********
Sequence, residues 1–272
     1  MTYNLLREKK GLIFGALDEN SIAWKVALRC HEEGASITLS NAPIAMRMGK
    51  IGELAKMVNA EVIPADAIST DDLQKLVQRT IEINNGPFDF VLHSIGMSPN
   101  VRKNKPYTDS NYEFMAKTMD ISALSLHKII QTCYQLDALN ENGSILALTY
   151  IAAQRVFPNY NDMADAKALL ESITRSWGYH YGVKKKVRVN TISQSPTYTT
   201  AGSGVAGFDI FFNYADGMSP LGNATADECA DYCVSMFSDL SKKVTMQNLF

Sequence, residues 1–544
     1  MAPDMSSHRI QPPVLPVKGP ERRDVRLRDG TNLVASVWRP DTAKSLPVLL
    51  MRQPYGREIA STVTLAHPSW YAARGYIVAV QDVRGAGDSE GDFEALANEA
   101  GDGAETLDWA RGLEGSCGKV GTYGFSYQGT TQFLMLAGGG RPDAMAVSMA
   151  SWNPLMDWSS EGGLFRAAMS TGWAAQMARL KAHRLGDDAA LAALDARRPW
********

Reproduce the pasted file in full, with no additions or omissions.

Sequence, residues 1–272
     1  MTYNLLREKK GLIFGALDEN SIAWKVALRC HEEGASITLS NAPIAMRMGK
    51  IGELAKMVNA EVIPADAIST DDLQKLVQRT IEINNGPFDF VLHSIGMSPN
   101  VRKNKPYTDS NYEFMAKTMD ISALSLHKII QTCYQLDALN ENGSILALTY
   151  IAAQRVFPNY NDMADAKALL ESITRSWGYH YGVKKKVRVN TISQSPTYTT
   201  AGSGVAGFDI FFNYADGMSP LGNATADECA DYCVSMFSDL SKKVTMQNLF

Sequence, residues 1–544
     1  MAPDMSSHRI QPPVLPVKGP ERRDVRLRDG TNLVASVWRP DTAKSLPVLL
    51  MRQPYGREIA STVTLAHPSW YAARGYIVAV QDVRGAGDSE GDFEALANEA
   101  GDGAETLDWA RGLEGSCGKV GTYGFSYQGT TQFLMLAGGG RPDAMAVSMA
   151  SWNPLMDWSS EGGLFRAAMS TGWAAQMARL KAHRLGDDAA LAALDARRPW